Tuesday, November 29, 2011

Changing Perceptions of Disability

At this moment in time, it goes without saying that museums are obligated to serve all potential visitors, whoever they may be.  Over 25 years after Museums for a New Century, the museum profession is in the process of a major paradigm shift.  Accessibility has become a modern hallmark of museum program development, not to mention a legal requirement for the physical building.

The word “changing” in the title above is meant in two ways; it is a descriptor, but also an active verb.  As museum professionals, we can observe that our culture’s attitudes toward disability are shifting, but we must also be leading agents in that change.  There are an estimated 54.4 million people with disabilities living in America today; if museums are to serve these present and future visitors, we would do well to start by listening to their voices.

The long-standing perception of disability has been solely as an individual medical condition.  In other words, disability as a concept has been relegated to the particular people who live with it every day.  Attitudes toward disabled people have ranged from pity and disgust to misunderstanding to awe and admiration.  

However, since the 1980s a new model of disability has emerged from the field of disability research as well as from advocates for disabled people.  That idea is the social model of disability, the perspective that disability is a result of culturally-constructed barriers to participation in society.  It is a frame of mind that gives all of us the responsibility for not just inclusion but universal access.

When you stop and think about it, disability as a social construct (rather than a medical setback) makes sense.  After all, everyone has their own way of going about the business of life.  The fact that some people see with a white cane, hear with a computer screen, or walk with wheels is simply an illustration of different ways to exist.  Any group of people will have broad variations in learning styles and interests, tastes in food or entertainment, and modes of communication.  The more we expand the flavors of museum programs that we offer, the more people we will reach and, most importantly, the more deeply we will reach them.

Any museum program can benefit from being translated into multiple learning channels.  Even visitors who do not identify as having a disability might be more engaged by a program that involves visuals, sound, tactile elements and discussions as opposed to just one of those methods.  If we approach the development of programs by thinking about removing barriers to any of our visitors participating, we will be on the right track.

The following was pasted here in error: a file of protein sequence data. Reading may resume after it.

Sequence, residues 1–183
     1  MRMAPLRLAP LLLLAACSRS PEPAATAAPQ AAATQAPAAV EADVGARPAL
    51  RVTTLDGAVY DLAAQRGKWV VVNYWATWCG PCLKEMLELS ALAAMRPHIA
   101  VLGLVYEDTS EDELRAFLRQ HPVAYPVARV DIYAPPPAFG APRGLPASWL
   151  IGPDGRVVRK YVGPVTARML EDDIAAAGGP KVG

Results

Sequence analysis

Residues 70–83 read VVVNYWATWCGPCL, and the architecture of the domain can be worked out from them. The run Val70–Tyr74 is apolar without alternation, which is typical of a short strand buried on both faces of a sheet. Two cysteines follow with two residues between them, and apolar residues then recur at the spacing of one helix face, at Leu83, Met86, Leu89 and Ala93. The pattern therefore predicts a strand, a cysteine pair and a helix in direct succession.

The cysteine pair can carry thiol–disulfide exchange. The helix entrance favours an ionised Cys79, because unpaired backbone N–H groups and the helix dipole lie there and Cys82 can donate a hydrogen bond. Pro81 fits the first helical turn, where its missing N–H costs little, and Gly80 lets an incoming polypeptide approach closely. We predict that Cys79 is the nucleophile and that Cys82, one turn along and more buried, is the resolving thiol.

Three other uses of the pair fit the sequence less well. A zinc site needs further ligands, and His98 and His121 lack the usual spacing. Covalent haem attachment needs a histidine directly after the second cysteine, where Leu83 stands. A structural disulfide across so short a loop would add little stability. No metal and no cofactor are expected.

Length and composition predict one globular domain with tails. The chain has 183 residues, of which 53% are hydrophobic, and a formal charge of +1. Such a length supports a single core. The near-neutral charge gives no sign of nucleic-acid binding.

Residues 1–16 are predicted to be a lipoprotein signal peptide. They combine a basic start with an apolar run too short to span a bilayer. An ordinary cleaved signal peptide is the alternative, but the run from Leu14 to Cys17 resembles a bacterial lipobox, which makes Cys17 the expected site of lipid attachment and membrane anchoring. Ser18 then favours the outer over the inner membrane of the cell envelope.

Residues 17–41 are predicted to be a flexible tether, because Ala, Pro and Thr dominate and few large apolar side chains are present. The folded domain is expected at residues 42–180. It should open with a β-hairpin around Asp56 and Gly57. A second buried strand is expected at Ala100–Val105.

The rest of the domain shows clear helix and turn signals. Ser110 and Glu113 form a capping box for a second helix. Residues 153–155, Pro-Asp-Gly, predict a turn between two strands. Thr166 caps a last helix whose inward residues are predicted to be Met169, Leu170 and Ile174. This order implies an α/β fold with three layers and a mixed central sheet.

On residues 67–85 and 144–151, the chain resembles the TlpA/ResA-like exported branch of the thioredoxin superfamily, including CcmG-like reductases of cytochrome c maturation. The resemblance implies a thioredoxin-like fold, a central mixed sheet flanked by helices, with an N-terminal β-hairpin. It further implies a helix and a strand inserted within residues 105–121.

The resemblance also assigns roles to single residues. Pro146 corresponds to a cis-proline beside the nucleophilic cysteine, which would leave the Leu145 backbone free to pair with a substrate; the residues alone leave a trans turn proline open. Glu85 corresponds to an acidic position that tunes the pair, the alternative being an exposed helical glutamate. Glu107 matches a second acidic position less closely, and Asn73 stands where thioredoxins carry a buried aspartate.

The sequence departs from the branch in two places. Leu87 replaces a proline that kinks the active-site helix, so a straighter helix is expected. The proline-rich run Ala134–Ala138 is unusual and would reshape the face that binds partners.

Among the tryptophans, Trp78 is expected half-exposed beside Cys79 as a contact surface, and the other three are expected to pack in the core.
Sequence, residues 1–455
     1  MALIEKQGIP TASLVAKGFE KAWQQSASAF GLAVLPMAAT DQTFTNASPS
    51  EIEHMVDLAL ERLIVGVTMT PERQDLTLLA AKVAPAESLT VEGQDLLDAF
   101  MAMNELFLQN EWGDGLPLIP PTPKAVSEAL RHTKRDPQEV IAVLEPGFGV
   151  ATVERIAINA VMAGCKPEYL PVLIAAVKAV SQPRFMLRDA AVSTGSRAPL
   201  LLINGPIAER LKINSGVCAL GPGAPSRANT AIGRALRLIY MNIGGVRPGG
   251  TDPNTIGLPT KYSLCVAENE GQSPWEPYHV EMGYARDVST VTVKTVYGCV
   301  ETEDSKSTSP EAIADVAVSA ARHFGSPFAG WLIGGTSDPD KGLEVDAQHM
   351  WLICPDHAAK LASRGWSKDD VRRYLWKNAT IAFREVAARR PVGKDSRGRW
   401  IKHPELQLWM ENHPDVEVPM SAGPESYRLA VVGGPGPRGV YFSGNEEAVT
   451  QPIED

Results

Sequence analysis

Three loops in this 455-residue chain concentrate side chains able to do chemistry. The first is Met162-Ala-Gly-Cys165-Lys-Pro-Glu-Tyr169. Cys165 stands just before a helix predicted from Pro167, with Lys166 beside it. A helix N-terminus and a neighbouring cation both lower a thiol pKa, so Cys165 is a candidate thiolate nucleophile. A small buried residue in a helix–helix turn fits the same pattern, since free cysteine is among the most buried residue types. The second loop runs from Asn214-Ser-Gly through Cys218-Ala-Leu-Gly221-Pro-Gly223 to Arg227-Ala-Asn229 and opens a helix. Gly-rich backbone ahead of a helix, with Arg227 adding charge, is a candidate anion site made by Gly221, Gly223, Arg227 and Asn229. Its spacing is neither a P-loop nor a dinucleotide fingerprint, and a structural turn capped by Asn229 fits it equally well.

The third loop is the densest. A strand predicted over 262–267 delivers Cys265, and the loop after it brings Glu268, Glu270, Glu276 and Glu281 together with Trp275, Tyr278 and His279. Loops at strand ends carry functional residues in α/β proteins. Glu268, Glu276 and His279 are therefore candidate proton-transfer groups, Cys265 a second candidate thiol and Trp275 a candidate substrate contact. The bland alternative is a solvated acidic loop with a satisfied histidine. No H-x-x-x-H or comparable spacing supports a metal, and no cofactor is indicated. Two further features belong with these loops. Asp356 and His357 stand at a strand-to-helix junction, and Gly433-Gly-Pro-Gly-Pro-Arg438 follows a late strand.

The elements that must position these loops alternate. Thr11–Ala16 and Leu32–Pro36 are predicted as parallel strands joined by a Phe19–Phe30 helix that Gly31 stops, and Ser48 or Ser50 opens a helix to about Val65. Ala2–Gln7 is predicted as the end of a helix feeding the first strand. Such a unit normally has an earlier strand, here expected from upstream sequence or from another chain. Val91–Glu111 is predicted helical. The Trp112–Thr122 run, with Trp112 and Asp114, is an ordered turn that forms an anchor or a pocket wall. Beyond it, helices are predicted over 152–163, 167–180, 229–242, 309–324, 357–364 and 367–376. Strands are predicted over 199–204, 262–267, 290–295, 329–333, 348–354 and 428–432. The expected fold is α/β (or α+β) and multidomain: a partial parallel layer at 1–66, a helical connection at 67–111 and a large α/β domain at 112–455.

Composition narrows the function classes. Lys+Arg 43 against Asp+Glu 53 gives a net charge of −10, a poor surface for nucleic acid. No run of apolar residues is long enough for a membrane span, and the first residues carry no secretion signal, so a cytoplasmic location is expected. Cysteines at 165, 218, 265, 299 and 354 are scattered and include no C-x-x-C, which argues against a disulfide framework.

Another thing the museum profession can learn from the disability research field is the concept of emancipatory practice.  Under the outdated perception of people with disabilities as suffering from an ailment, research about such people was very one-sided.  The researcher held most of the power, and the research subject simply became a source of experience-based information.  The research subject did not gain any benefit from the interaction, while the researcher was at liberty to select the results that served the chosen outcomes of the project.  

Conversely, the emancipatory research model turns the process into a partnership and thus a two-way exchange of information.  The people with disabilities are far more than research subjects; they direct the objectives of the project and share both power and ownership of outcomes.  With a bilateral flow of information and shared power, both parties in the partnership can learn more than they otherwise would and can adapt the research agenda to suit the needs of both sides.  Most importantly, the people with disabilities can directly benefit from the findings of the research.

Museums can use the emancipatory research model by making not just the museum’s programs but the development process more participatory.  Creating partnerships with visitors who live with disabilities is the best way to find out how to make the museum both physically and intellectually accessible and personally interesting to these people.

Throughout the museum world, the trend is already toward including more user-generated content in exhibits, programs, and websites.  The idea that museum programs should be created with audiences instead of for them is gaining universal acceptance.  These developments should be constantly brought into the planning of exhibits and programs that represent all people, with or without disabilities.

The following five posts will each focus on one disability. They will address how museums can best serve audiences who have visual impairments, hearing difficulties, mobility challenges, cognitive impairments (specifically people with Alzheimer’s Disease), and learning disabilities. Each entry will provide some background on the disability, things to consider regarding that audience, case studies of museums that are successfully addressing the issue, and an exploration of what more can be done.

Re-Presenting Disability: Activism and Agency in the Museum  Richard Sandell, Jocelyn Dodd and Rosemarie Garland-Thomson.  Routledge (London/New York) 2010 (Google Books link)

1 comment:

  1. I like your call to action! Another thing to think about is that museum visitors with disabilities often come with another person- family, friends, caregivers. A diversity in the experiences available at the museums could serve to engage both parties simultaneously!